Super Mario 3D All-Stars is a limited release? What cynical nonsense

Nintendo finally showed its hand this week, revealing the much-rumoured re-release of Super Mario 64, Super Mario Sunshine and Super Mario Galaxy in a triple pack called Super Mario 3D All-Stars. This is excellent news, and it’s great to see these fantastic games make it onto Switch. Even if Super Mario Galaxy 2 is missing for some reason, which is a real shame, because it’s probably the best of the bunch. No doubt it will make its way onto Switch at some point, but it seems strange to leave it out of this compilation. Could they not fit all four games on one cartridge? Who knows.

But then there’s this cynical nonsense about Super Mario 3D All-Stars being a limited release. Only finite numbers of the physical version will be available, and the digital version will be pulled from sale in March 2021.

But why, though? The obvious reason is that Nintendo simply wants to drive up demand for the game, causing consumers to rush towards a purchase in fear of missing out. I’ve even been tempted myself – I’m not particularly interested in getting Super Mario 3D All-Stars, seeing as I’ve finished all these games already and don’t necessarily want to play through them again, but I also don’t want to miss out on owning a piece of gaming history. I hovered over the preorder button, then came to my senses. This is just a cynical marketing exercise, and I don’t want to be a part of it.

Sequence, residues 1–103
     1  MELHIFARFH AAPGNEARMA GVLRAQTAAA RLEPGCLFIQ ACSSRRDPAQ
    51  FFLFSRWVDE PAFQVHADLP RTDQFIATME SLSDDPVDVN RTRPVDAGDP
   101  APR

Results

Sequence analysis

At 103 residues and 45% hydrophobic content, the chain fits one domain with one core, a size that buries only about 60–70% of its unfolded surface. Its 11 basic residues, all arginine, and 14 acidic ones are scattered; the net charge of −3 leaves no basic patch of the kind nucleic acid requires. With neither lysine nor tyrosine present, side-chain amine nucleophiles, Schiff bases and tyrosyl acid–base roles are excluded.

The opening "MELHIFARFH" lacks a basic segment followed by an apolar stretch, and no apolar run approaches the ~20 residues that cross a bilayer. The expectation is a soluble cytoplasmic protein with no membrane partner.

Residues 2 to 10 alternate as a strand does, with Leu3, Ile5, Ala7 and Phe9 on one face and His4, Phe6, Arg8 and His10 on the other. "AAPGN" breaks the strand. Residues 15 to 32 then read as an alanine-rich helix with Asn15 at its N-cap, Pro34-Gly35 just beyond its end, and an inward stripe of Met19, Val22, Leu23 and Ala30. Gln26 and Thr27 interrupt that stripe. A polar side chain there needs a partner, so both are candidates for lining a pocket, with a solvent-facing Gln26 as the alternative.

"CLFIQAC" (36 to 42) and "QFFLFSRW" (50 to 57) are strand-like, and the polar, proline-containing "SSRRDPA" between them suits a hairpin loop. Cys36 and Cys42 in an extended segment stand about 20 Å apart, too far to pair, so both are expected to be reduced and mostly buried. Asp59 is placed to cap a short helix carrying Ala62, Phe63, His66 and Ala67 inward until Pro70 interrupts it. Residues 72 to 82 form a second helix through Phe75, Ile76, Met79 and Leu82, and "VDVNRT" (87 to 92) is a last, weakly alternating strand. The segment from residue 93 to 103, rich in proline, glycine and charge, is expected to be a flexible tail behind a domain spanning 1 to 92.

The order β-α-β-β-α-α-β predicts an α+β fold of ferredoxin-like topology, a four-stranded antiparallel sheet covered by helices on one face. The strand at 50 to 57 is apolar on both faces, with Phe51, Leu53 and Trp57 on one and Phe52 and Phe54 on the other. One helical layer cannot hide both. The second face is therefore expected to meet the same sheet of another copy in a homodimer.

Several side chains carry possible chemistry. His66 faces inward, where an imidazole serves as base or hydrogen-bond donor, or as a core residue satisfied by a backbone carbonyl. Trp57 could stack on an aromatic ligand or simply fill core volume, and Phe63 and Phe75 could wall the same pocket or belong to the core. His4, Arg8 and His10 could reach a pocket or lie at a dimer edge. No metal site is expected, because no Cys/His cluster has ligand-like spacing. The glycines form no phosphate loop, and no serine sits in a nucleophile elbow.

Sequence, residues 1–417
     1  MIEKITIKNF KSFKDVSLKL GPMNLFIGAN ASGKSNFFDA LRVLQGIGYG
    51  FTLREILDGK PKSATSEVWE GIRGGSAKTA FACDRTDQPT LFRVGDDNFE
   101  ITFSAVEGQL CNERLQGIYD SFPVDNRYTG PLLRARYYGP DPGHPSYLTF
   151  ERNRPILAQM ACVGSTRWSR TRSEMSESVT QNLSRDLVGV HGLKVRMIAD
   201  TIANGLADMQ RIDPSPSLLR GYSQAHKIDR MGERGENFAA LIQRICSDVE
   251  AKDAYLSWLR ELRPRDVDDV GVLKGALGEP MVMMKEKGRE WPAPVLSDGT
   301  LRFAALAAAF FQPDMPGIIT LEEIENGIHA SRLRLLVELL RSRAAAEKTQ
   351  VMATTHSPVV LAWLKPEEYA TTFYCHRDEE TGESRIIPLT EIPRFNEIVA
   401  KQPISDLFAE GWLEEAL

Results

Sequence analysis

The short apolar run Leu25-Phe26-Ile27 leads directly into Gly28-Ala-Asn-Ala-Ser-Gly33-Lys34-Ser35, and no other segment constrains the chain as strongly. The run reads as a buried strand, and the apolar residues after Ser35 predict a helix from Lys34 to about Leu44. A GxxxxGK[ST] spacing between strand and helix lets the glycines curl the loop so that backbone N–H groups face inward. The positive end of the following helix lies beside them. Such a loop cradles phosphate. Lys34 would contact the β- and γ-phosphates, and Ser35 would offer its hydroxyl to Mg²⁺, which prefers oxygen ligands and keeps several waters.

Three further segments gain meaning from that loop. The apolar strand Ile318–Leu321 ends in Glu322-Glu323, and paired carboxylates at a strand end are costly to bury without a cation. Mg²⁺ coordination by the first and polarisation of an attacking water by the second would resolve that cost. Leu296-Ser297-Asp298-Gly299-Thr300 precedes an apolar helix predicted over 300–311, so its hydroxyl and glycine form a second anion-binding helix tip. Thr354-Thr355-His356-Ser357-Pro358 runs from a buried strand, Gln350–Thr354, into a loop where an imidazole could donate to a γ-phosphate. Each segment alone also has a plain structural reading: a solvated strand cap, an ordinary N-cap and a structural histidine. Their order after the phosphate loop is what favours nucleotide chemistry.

Doing limited runs makes sense sometimes, like in cases where indie games with niche appeal get a small run of physical versions. That market is small, and it wouldn’t make economic sense to do huge print runs. But Super Mario 3D All-Stars is Nintendo’s main Christmas game, with huge widespread appeal. The only explanation for limiting its numbers is greed: manipulating people into buying it for fear of missing their chance. Yet it would have been a massive hit anyway. And as a result of this artificial scarcity, nefarious scalpers are already already selling their preorders of the game for more than double its RRP. Genuine fans face missing out on owning a copy because of profiteers. But don’t blame the scalpers for this situation, blame Nintendo.

Nintendo is the richest company in Japan, and has just had a phenomenal year of sales owing to the release of Animal Crossing: New Horizons and massive demand for its console during the coronavirus lockdown. It doesn’t need the money. But limiting the availability of some of its most popular games makes the company look greedy.

Even worse, it makes Nintendo look mean. And that’s a troubling fit for the sunshine-happy house of Mario.